The film ends with a cautious hope, implicitly asking that big question: are we (humanity) worth saving? When Jessica asks why humanity was offered a second chance by benevolent beings way beyond our comprehension, the returned Jim Marcell (currently a spokesman for the aliens) shows her the GAD (Golden Archive Drive with video images of Earth and humanity—basically our “hello” message to extra-solar life like the one placed onboard NASA’s Pioneer missions) that had accompanied the ship into the wormhole. The message displayed scenes of mothers and their children, people laughing in joy; it also showed scenes of other aspects of this beautiful planet worth saving: the ocean surf, the forests and wildlife. In our hubris, we have lost our perspective about this planet. Perhaps, it wasn’t so much humanity the alien beings intended to save but the Earth itself; we just come along with it. The Earth is, after all, a beautiful, vital and unique world, rich with life-giving water, trees, animals, creatures of all kinds in a diverse network of flowing and evolving beauty. A planet worth saving and that, frankly, functions better without us.
So, the question remains: is humanity worth saving? For centuries we have hubristically and disrespectfully used, discarded and destroyed just about everything on this beautiful planet. According to the World Wildlife Federation, 10,000 species go extinct every year. That’s mostly on us. They are the casualty of our selfish actions. We’ve become estranged from our environment, lacking connection and compassion. That has translated into a lack of consideration—even for each other. In response to mass shootings of children in schools, the U.S. government does nothing to curb gun-related violence through gun-control measures; instead they suggest arming teachers. We light up our cigarettes in front of people who don’t smoke and blow deleterious second-hand smoke in each other’s faces. We litter our streets and we refuse to pick up after others even if it helps the environment. The garbage we thoughtlessly discard pollutes our oceans with plastic and junk, hurting sea creatures in unimaginable ways. We do not live lightly on this planet. We tread with incredibly heavy feet. We behave like bullies and, as The Beyond points out, our inclination to self-interest makes us far too prone to suspicion and distrust: when met with the unknown, we respond with fear and aggression rather than curiosity and hope. Something we need to work on if we are going to survive.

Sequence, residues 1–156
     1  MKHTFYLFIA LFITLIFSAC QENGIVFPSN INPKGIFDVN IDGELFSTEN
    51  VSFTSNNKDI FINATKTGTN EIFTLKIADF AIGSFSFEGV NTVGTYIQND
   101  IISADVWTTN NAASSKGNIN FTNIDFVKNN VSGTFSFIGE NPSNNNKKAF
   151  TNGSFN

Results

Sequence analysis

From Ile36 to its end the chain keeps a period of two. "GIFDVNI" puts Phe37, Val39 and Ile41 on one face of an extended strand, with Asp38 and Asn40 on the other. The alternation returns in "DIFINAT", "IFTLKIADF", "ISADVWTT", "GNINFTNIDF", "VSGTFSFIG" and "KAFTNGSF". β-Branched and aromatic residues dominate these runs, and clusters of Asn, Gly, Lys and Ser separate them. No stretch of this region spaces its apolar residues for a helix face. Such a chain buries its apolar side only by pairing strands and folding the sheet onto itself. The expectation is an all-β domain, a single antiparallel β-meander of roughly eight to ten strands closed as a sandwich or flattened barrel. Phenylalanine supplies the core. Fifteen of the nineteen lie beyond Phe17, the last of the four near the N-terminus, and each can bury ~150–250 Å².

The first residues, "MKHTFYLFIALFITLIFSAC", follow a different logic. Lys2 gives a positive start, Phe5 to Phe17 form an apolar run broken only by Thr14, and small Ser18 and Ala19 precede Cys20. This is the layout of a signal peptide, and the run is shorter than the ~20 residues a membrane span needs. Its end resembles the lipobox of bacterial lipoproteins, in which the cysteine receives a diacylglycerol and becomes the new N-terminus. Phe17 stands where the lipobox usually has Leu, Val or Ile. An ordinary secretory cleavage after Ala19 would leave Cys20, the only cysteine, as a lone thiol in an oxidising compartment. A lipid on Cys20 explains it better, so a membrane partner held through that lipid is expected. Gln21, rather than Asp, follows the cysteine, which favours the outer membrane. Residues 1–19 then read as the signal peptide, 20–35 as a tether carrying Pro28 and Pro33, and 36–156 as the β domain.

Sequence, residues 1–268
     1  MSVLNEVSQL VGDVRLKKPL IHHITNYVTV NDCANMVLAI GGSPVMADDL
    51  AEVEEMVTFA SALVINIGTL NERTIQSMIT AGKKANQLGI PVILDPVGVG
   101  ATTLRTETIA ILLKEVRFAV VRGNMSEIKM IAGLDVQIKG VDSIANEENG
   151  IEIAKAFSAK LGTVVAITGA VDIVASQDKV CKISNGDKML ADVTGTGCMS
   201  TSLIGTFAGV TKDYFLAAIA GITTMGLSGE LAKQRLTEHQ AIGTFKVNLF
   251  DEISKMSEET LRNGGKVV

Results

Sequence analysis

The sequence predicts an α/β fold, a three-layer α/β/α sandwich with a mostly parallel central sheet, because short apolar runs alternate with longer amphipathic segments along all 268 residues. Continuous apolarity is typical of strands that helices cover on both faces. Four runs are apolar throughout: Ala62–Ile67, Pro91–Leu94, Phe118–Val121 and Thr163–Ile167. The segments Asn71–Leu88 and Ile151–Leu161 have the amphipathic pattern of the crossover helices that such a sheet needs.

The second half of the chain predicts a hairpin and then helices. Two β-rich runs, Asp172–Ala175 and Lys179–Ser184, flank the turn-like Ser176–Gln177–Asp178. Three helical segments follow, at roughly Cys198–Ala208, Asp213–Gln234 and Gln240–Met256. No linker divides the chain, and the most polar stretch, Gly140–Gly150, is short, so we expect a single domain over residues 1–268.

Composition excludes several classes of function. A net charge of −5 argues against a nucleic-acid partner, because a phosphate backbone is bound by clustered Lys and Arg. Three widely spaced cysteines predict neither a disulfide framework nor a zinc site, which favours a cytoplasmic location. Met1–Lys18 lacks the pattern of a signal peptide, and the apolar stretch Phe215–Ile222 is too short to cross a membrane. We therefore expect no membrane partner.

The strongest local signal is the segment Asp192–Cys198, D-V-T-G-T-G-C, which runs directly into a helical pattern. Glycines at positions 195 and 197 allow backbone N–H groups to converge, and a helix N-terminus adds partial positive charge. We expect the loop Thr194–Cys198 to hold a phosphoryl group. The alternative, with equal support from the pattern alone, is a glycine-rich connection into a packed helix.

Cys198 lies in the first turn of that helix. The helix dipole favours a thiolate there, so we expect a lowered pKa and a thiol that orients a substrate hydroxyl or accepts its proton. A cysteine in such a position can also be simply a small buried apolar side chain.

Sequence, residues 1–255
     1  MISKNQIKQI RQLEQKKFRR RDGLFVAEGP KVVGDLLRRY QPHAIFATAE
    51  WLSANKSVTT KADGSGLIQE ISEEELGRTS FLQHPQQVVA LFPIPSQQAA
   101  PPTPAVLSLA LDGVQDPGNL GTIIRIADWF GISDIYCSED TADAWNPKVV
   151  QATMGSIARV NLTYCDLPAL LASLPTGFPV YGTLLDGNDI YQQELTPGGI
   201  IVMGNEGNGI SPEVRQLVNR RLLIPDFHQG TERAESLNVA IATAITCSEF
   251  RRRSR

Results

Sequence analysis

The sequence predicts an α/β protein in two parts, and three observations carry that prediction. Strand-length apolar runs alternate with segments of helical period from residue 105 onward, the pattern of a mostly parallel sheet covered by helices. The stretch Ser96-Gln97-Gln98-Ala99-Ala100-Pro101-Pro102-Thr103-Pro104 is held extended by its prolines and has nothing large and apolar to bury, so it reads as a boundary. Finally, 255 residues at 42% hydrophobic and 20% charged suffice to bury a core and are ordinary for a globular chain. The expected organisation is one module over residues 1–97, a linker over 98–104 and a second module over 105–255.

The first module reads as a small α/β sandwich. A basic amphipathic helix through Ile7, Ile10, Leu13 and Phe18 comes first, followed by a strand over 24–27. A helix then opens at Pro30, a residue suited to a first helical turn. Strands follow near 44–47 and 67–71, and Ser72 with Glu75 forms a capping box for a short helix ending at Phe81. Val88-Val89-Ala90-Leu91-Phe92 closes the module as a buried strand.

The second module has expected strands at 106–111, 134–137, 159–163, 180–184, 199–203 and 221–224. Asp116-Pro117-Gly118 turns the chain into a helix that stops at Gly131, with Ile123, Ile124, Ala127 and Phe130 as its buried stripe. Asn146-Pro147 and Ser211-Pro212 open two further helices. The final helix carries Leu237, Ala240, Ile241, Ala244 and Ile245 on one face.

As I mentioned above, The Beyond is a simple film made well; something not easy to accomplish. The film delved into existential questions with an emotional intelligence that was both sensitive and insightful. As Gillian Laroux says in the end: “I hope we won’t make the same mistakes of the past and prove that we are in fact worth saving.” Ultimately, I found The Beyond a refreshing change from the senseless soul-gutting violence, and sordid aimless or overly-complicated plots that currently populate most of our current science fiction TV and movies.
The Beyond marks the directorial debut of Dulull, a VFX wiz who spent a year shooting and working on this project (previously titled The Void). Changing the title from The Void to The Beyond is itself an interesting shift in what the film represents and suggests.
Let us tread more lightly on this planet, then…And perhaps we too will be worth saving. Perhaps our destiny won’t be a void but a transcendence beyond…
www.ninamunteanu.ca for the latest on her books.is an ecologist, limnologist and internationally published author of award-nominated speculative novels, short stories and non-fiction. She is co-editor of Europa SF and currently teaches writing courses at George Brown College and the University of Toronto. Visit